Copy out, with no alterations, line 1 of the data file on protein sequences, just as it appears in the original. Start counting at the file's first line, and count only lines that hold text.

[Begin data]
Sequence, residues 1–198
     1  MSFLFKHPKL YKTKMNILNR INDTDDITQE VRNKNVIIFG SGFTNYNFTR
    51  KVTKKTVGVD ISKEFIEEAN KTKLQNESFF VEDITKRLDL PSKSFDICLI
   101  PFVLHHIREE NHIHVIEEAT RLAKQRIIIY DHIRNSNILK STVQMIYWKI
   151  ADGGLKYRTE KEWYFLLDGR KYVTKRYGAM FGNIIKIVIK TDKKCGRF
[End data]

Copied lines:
Sequence, residues 1–198